Finding therapy through Yelp, reading "testimonials", negative reviews for therapy - Part 1

It’s an unfortunate reality that we make our decisions based on the subjective opinion of other people, which actually robs us of having our own unique experience, and one of the worst ways this happens online is through sites like Yelp. The therapist was rad? Awesome! They might not help the next person AT ALL. Likewise, you were expecting your therapist to cure you of your lifelong issues in 2 sessions or less for free? Heck yeah, hotheaded negative reviews about your therapist’s life’s work is totes helpful, right? Nope. Therapy is meant to be confidential, and Yelp’s “review software” isn’t going to post reviews that seem inauthentic or spammy because the client doesn’t feel comfortable using their name. (Hello HIPPAA violations.) Which also means, if they decide to leave negative reviews, a therapist can’t respond to it in the same way a donut shop can, because we can’t even acknowledge if a client was actually a client or not- again, confidentiality. So therapists, in particular, but businesses in general, are at the mercy of Yelp encouraging this review culture.

Some therapists try to control the narrative by asking for testimonials or using sites like Zocdoc or the like to show off their glowing reviews about how they were the miracle worker in their clients’ lives- and while that may be, these therapists also know that “testimonials” are ethical gray areas for mental health counselors and marriage and family therapists, and the APA and NASW have come right out and said it is unethical for their members. Any reviews for any site, asked for or not, should ONLY be done after completely terminating with the client. Let them sit with the work you’ve done and see if counseling did what they hoped it would do- bring them some insight and be a catalyst for lasting change. Their review will be much more authentic than coercing them to review you while you’re actively engaged in therapy - do NOT do this. (And yet, check zocdoc or any other review site, and this very clearly happens.)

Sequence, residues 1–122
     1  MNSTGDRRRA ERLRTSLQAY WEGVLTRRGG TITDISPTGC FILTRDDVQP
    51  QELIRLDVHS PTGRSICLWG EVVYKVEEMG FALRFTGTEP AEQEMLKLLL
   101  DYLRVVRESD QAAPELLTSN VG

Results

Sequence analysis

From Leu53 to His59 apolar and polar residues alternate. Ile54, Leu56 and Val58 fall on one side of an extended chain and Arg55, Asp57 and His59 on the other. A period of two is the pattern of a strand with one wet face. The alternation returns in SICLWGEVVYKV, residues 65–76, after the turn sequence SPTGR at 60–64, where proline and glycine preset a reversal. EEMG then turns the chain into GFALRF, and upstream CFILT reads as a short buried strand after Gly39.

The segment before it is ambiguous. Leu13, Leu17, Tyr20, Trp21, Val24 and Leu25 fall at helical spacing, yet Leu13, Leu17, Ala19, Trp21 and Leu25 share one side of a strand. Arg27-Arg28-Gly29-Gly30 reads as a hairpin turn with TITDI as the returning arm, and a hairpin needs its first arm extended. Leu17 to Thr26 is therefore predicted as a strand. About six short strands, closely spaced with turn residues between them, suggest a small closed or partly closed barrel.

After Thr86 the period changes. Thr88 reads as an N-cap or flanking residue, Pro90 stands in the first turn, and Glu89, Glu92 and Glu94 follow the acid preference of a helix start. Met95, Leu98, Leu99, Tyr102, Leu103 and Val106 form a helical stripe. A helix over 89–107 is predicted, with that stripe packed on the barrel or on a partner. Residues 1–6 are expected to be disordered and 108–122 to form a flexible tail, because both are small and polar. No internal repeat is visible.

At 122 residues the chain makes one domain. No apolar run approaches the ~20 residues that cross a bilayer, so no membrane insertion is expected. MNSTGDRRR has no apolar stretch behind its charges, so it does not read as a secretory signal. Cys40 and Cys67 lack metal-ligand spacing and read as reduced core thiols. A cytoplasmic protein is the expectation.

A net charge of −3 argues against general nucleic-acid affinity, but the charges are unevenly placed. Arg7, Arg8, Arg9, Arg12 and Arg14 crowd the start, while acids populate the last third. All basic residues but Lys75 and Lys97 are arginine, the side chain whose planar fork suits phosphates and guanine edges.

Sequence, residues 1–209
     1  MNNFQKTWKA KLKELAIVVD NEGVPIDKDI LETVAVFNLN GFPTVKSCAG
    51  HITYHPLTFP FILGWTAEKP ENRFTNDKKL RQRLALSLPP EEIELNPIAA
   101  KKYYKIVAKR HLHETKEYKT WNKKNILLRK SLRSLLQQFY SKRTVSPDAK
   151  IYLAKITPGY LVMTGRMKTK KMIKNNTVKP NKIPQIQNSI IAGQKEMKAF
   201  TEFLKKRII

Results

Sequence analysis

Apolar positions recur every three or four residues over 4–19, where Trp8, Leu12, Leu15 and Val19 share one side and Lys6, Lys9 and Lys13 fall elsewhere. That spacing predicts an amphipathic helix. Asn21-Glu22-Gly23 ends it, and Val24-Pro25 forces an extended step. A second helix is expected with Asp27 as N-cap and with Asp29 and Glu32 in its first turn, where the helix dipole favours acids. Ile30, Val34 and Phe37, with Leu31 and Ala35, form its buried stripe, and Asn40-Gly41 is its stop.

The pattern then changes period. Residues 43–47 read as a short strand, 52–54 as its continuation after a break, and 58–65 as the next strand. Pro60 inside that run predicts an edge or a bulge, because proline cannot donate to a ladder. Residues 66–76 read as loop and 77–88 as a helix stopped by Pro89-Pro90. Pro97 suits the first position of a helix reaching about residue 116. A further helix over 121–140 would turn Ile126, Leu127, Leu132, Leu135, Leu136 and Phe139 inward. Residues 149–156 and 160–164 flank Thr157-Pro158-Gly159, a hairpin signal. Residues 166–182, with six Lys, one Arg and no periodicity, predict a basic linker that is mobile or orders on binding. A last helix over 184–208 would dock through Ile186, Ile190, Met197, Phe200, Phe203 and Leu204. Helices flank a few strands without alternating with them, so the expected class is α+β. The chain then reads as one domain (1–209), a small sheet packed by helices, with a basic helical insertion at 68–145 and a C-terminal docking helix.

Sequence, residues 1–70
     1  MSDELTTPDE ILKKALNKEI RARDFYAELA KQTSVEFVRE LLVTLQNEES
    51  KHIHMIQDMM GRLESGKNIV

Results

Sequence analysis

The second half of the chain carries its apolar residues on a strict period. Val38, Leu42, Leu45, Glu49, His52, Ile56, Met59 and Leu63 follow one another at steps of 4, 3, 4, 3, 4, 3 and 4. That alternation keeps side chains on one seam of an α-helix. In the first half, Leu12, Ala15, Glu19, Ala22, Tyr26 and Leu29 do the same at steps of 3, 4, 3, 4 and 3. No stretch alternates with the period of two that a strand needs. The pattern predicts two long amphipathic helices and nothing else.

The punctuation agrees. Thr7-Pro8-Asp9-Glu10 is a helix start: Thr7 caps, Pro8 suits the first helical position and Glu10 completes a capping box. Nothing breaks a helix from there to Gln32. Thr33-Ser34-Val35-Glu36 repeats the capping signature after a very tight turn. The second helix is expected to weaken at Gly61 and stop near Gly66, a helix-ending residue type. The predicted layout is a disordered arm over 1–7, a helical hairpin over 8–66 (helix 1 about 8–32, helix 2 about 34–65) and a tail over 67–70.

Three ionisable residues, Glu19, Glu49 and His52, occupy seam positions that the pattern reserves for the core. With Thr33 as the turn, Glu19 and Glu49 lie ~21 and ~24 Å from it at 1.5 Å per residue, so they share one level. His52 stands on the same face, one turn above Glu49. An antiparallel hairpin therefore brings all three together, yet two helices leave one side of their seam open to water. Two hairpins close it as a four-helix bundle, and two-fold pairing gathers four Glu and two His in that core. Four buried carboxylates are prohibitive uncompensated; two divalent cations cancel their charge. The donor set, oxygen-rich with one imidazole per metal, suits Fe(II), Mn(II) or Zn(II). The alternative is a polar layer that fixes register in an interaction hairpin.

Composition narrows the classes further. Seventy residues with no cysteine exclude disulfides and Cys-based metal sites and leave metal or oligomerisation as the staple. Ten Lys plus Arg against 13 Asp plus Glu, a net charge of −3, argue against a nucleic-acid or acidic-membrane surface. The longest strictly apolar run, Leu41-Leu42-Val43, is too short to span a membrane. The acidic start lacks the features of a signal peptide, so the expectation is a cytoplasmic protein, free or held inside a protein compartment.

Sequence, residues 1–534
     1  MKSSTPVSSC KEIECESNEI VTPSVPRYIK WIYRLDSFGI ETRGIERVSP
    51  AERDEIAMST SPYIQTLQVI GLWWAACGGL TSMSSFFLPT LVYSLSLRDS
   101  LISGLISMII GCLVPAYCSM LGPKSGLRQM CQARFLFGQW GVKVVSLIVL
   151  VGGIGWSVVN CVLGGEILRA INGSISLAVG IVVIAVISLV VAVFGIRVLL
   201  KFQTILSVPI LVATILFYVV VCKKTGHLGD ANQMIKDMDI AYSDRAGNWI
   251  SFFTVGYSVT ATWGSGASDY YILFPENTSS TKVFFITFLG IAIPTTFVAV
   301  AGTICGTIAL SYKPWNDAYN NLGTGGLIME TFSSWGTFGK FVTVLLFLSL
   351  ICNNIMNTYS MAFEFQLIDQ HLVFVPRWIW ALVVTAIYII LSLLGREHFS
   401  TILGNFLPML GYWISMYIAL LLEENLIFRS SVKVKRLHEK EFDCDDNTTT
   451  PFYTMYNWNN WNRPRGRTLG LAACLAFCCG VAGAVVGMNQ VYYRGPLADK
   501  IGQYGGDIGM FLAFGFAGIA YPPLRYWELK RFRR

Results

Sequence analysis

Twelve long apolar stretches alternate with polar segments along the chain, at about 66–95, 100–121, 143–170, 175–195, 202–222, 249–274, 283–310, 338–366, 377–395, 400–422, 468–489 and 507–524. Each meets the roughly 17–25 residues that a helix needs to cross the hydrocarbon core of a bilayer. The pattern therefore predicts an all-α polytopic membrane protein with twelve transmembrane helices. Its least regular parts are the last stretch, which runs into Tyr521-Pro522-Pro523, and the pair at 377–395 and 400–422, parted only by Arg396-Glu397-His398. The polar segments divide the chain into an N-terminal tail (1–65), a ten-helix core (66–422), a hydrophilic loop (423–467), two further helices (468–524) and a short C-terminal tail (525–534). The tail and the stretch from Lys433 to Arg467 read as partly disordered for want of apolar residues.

Therapy is a relationship, like any other in your life. And if you find yourself GOING to therapy to help you with the relationship issues YOU are having, it might not be so great to leave a bad review for the therapist who is trained to help you, when the success or failure in that therapeutic relationship is 50% your OWN responsibility.

Here are some testimonials for you about Yelp and bad reviews:

Fuck Yelp. - Jeb, Tattoo Artist, Manhattan - A studio I worked at had a review from someone who literally said “Great tattoo, but like OUCH” and gave a 2 star review.

I once read a review for Dunkin Donuts that said ‘The donuts are so sweet they make my teeth hurt.- Adrian, Developer, Brooklyn

There you have it, folks. relationships aren’t quick, easy, or review based. Read reviews, fine- you want to know that “sex therapist” is really a credentialed professional- but somehow there was life before knowing everyones’ subjective opinion on every single experience in their lives posted online. And sites like Yelp won’t let actual THERAPISTS review other therapists- no- that would make too much sense!

And what happens when the reviews aren’t reviews at all, but someone out to harass, troll, stalk, etc? I once had a troll post a full on naked photo of one of my trainees on my practice’s Yelp page. And when I called, the answer was “there is nothing we can do to remove user submitted details about your business, as this is in the public domain.” Really Yelp? Revenge porn? And you want me to spend advertising money or send people your way to find my business and add more content to your tyrannical site? No thank you. The photo was removed, and the clinician was not sex shamed, of course- but we’re therapists- people come to us when they’re not at their best, with all sorts of expectations and demands for us to meet, and not meeting your irrational demands is probably something to work on with us in session, not spread rumors about through sites that deal in getting reviews from you (which means you work for them for free, by the way). Let Yelp come and interview me and review my practice. Let’s not give people a way to weaponize their subjective experiences, which only leads to people NOT going to get the counseling they were looking for to begin with.

Are you a therapist with a bad review? Here is a link for some continuing education in managing review-based sites and content about your practice.

MyTherapist New York offers psychotherapy, relationship counseling and sex therapy in New York. Counseling NYC since 2003. (Before there was Yelp, by the way.) And though, you might have caught me on a bad day, or our personalities weren’t a match in session, here is who I am and what I have done as a therapist as a private practice therapist in New York.